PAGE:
It is that time again when nothing feels right. Nothing, except the place and its faint cry of belongingness. Hence the sequel.
Since food plays the utmost important role in man's comfort, our story must begin from the kitchen. I had missed my baking sorely, but mostly it was the aimless loitering around in quest of ideas and ingredients. Nothing feels more cathartic than basking in swirls of aromatic goodness crawling out from the oven, and watching the sun set amidst a cluster of mossy pines. To put it in an elegant way, the calm reverberates T.S. Eliot's evening - "a patient estherized upon a table..." During such moments one does wish the reverie to continue, for the calm to live forever. Unfortunately, I am a creature of the real world and return must I to it.
The most precious icing to my perfectly baked Seattle cake is the thrilling proximity of the dramatic Cascade mountains, aka "America's Alps". While returning from an evening stroll a few days back, we spotted it for the first time in all its glory. There it was, hovering like a spreadeagled creature on the evening sky, humbling and towering at the same time. The best part is, on sunny days (which are oh-so-rare here) when the skies shine, I can catch a glimpse of the magnificent snow-caped peaks from our patio. What more could a mountain lover ask for?!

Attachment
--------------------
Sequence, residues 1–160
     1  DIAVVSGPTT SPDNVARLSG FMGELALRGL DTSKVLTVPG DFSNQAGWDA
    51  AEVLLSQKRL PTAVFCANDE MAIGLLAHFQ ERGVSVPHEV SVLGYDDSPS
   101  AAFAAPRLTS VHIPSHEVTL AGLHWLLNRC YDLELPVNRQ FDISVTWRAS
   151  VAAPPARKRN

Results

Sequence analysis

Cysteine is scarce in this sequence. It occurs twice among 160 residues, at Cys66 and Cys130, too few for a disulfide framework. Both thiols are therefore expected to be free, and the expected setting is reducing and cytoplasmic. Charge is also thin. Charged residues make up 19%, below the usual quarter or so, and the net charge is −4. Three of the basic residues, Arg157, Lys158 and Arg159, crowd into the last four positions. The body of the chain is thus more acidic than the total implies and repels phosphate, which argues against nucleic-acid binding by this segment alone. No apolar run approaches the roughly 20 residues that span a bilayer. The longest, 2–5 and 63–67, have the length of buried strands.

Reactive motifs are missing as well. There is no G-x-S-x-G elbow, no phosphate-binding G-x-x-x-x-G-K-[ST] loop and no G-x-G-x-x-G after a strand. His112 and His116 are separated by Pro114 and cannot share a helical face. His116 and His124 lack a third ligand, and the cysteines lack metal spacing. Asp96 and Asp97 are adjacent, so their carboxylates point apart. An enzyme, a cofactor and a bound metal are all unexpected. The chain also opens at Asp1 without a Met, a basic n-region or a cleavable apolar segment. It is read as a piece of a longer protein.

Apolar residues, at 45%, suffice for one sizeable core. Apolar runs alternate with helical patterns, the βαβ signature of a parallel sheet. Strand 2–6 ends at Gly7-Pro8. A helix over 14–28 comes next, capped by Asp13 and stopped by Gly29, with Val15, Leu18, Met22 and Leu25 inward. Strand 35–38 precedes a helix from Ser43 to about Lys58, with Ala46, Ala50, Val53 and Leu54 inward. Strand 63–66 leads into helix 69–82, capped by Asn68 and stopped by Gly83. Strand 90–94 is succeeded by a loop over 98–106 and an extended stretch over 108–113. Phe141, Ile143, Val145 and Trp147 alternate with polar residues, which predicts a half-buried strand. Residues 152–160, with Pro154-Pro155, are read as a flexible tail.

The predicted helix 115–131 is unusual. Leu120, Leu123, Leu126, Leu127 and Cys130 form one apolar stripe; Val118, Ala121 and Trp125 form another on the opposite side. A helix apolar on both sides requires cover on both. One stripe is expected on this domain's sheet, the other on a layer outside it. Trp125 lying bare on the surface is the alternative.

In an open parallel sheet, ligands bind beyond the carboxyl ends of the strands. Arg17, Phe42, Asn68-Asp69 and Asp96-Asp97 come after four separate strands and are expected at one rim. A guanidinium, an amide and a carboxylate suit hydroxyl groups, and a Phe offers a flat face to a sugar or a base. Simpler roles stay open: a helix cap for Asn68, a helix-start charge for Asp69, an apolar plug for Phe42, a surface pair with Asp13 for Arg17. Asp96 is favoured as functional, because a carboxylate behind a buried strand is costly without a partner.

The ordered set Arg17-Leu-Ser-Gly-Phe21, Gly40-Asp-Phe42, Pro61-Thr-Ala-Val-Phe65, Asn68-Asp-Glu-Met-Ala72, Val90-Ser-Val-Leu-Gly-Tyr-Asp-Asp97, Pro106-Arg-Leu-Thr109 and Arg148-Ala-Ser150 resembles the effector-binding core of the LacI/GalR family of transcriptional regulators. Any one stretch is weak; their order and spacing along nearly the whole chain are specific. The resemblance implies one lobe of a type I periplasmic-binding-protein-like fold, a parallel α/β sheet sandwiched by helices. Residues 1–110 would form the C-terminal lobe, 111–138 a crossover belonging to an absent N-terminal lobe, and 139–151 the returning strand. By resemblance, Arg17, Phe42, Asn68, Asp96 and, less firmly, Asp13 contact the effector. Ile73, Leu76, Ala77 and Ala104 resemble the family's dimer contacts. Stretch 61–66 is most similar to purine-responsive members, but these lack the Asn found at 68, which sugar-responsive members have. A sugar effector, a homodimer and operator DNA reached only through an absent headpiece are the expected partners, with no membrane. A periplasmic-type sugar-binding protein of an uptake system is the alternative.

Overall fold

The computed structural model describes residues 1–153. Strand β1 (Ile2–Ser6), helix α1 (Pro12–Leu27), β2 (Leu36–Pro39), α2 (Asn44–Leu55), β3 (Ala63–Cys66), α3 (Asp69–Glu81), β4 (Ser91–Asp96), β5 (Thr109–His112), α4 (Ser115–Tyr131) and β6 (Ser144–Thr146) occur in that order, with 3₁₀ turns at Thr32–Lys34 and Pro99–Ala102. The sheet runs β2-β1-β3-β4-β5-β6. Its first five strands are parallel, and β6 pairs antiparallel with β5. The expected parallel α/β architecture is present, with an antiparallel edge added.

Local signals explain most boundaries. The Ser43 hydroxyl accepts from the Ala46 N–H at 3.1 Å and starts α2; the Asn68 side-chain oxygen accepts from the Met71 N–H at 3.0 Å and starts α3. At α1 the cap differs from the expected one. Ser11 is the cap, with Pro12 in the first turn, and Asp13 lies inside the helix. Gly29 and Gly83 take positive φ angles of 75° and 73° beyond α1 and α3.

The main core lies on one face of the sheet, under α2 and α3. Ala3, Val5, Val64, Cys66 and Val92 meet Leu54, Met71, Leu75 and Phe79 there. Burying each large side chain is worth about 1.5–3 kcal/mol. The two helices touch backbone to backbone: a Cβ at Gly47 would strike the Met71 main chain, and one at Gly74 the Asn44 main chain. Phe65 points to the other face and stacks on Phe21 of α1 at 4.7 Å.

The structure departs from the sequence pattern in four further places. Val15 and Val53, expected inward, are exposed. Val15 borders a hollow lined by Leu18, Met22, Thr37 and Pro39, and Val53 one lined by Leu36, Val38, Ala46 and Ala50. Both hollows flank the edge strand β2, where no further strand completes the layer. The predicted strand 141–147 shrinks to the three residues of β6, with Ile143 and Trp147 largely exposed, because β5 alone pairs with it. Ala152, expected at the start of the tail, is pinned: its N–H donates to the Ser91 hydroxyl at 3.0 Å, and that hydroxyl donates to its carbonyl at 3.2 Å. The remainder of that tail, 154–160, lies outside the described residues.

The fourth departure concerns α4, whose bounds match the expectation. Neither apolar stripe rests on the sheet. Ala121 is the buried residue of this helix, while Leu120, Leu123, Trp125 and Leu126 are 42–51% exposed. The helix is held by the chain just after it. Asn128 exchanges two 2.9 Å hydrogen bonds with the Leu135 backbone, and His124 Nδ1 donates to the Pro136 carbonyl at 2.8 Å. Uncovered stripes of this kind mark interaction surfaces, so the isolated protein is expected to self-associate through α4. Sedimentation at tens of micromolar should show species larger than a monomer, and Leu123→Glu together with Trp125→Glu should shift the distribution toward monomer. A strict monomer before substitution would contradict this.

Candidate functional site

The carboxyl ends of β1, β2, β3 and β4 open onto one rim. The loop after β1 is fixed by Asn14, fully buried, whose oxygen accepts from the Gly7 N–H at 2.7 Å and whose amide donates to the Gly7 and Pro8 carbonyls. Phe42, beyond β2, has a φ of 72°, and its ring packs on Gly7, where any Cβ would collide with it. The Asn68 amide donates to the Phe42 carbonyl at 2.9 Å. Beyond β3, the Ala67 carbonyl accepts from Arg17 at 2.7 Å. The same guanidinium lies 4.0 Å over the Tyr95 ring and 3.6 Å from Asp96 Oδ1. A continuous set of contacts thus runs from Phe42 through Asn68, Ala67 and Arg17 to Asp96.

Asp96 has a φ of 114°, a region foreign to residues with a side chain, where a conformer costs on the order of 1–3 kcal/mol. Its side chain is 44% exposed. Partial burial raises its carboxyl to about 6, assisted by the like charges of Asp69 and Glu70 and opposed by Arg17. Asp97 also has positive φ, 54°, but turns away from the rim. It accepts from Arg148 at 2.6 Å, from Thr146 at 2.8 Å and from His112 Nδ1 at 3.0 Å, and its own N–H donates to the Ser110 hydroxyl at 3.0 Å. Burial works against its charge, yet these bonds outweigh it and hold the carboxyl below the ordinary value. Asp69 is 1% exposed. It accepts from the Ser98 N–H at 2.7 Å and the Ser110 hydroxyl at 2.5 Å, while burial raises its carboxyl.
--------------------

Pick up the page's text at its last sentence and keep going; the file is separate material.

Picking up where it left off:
If the mountains humble and soothe my frayed self, spring does a beautiful patchwork on my ever tattering quilt of hope. The burst of colours in my patio infuse an unknown courage in me, one that I wouldn't know otherwise. What else is life after all? You dream, you fly, you fall and before you know you are dreaming again!
In the manner of a true bedouin, I'm guarding every inch of my newfound space, soaking in its every single drop - decorating, gardening, baking and of course ruminating. Like a caterpillar devouring a leaf's green life, I, too hold on to these little quotidian moments ferociously before life comes knocking again. The caterpillar knows being a butterfly ain't easy after all! Beautiful? Yes. But certainly not easy.
To have a room of one's own is probably the greatest of all joys. I have learnt that well during all these years of the on and off living out of suitcases. Virginia Woolf once wrote, "A woman must have money and a room of her own if she is to write fiction". Since I own no bank, a room would do just fine. For the moment.